Israeli Navy soldiers stand guard on a missile ship as the Israeli Navy intercepts peace boats bound for Gaza on May 31, 2010 in the Mediterranean sea, 17 miles from the cost of Gaza. More than 10 people were killed after Israeli commandos boarded ships transporting aid to the Gaza Strip.

For using the word “attack” in relation to Israel’s 2010 raid on a Gaza blockade-runner, a Middle East reporter for Radio-Canada, the French-language version of CBC, was rebuked by the network on Monday.

In reporting on a deadly skirmish that broke out between Israeli soldiers and a pipe-wielding activist aboard the deck of the M/V Mavi Marmara, correspondent Ginette Lamarche “misused the word ‘attack’ to refer to the legal seizure of the vessel by Israeli forces,” read a brief correction by Radio-Canada.

Ms. Lamarche was referencing the episode in an April 7 report broadcast soon after Israel issued a U.S.-brokered apology to Turkey for the incident, which killed eight Turkish activists.

The CBC correction is only the latest to be issued against Ms. Lamarche, a veteran Middle East reporter whose work has become a frequent target of scrutiny by Canadian Jewish groups.

Earlier this year, for instance, David Ouellette, a representative with the Centre for Israel and Jewish Affairs, complained to Radio-Canada that a report by Ms. Lamarche on a speech by Hamas leader Khaled Meshal had failed to accurately define the word “Palestine.”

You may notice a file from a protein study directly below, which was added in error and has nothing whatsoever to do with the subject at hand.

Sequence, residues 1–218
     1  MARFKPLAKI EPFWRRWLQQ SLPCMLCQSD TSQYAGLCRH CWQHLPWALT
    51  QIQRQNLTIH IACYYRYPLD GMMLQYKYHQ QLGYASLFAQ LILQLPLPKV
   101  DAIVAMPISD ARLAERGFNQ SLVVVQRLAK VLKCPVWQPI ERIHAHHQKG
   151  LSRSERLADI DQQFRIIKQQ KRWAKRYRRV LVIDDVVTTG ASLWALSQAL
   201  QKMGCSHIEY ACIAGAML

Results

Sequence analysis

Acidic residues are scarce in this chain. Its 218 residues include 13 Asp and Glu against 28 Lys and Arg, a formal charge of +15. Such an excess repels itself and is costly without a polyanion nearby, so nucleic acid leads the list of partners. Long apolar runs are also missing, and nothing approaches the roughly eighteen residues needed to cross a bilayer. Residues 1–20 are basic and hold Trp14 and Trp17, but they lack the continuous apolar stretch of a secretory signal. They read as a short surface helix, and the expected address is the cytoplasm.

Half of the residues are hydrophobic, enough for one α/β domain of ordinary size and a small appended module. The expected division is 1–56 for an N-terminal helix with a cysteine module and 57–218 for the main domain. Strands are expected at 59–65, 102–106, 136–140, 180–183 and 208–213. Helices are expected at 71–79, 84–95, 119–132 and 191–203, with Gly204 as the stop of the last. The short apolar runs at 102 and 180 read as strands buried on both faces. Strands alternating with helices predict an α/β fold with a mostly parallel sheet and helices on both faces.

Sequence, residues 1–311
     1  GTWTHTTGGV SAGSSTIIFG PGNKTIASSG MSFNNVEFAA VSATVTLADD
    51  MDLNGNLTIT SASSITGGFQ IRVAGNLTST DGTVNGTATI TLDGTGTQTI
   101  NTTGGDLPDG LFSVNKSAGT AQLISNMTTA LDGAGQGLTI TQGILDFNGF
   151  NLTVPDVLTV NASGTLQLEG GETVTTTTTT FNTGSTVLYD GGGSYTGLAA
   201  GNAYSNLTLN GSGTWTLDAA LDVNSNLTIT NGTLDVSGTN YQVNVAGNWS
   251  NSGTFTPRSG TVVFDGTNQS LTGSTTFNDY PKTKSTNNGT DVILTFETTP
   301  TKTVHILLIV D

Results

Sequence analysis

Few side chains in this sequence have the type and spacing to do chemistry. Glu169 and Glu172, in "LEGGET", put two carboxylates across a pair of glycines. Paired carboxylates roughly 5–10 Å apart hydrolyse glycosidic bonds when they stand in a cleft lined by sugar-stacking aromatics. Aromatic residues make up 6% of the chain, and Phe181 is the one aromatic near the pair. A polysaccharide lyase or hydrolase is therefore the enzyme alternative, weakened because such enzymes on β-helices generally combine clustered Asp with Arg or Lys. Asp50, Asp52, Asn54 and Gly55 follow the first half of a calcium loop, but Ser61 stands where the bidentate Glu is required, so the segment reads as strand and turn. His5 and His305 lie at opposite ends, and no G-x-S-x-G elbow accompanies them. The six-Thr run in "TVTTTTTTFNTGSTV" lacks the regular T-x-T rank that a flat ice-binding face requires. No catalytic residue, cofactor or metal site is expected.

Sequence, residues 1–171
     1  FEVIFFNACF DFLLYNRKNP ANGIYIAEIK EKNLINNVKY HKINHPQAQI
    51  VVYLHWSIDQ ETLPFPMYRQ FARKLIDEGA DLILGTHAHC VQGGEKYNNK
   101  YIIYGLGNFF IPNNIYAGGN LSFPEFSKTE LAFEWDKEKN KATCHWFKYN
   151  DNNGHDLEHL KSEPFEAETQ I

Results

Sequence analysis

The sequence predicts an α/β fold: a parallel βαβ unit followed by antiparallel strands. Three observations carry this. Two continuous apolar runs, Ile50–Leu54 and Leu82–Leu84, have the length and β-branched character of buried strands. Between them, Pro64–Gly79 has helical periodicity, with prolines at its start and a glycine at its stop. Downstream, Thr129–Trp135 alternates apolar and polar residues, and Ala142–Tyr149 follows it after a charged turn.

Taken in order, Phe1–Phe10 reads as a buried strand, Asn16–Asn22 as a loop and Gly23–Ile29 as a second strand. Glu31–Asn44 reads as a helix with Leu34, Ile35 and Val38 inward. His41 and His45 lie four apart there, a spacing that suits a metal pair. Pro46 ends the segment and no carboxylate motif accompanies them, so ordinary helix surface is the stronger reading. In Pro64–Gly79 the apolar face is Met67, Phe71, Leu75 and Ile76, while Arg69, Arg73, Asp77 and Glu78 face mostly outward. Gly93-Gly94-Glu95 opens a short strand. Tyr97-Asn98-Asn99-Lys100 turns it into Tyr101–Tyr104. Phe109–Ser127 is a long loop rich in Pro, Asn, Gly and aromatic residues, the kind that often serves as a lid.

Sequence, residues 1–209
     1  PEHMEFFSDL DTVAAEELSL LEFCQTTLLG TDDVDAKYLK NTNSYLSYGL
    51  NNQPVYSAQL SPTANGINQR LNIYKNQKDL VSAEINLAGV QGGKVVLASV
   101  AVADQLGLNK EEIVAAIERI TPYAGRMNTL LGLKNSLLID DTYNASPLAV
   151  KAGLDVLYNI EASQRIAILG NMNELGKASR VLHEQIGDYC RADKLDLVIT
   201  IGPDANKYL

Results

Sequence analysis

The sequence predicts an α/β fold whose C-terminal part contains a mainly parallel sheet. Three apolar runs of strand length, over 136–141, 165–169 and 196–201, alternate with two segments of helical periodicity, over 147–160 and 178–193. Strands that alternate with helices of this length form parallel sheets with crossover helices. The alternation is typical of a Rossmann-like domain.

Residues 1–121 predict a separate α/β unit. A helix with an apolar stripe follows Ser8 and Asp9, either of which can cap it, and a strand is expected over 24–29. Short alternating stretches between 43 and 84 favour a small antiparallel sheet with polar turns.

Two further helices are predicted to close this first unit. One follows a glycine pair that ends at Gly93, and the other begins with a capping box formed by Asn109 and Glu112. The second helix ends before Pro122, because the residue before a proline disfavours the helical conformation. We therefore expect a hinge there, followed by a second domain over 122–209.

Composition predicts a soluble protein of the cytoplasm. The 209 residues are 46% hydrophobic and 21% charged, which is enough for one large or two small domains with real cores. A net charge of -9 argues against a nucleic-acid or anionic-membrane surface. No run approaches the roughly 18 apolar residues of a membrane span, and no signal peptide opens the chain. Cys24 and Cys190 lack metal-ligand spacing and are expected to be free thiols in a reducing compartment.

According to Mr. Ouellette, the broadcast had intimated that Meshal was referring to the territories of Gaza and the West Bank when, in fact, he was referring to all the land currently occupied by Israel. Radio-Canada ombudsman Pierre Tourangeau agreed and wrote in a response that the report suffered from a “lack of clarity.”

In late 2011, Mr. Ouellette similarly complained that Ms. Lamarche has failed to portray the violence of pro-Palestinian demonstrators in the moments before they were shot by Israeli forces in a skirmish near the Syrian border. Mr. Tourangeau responded that the report may have suffered from a lack of “exactitude.”

Most notably, in February 2012, following a 14-page response to complaints that arose from a series of Ms. Lamarche’s December newscasts, Mr. Tourangeau concluded that, on occasion, her reporting had carried “at least an appearance of bias.”

One report, for instance, stated that Palestinians could spend a “good part of their youth in jail” for throwing stones at Israeli soldiers. Honest Reporting Canada, a pro-Israel media monitoring group, in turn, sent Radio Canada statistics showing that the maximum sentence youth can face for throwing stones is 15 months.

Nevertheless, Mr. Tourangeau recognized in his Feb. 14, 2012, report that he had no doubt of the good faith of Ms. Lamarche and was certain the breaches were “involuntary and accidental.”

“I recognize the difficulties that are often faced reporters on the ground, particularly in conflict zones: Lengthy assignments, unavailable spokespeople, unverifiable facts, language barriers that put us at the mercy of interpreters and guides,” he said in the report.

Mr. Tourangeau acknowledged he was on the three-person selection committee who selected Ms. Lamarche for the position of Middle East correspondent in 2010.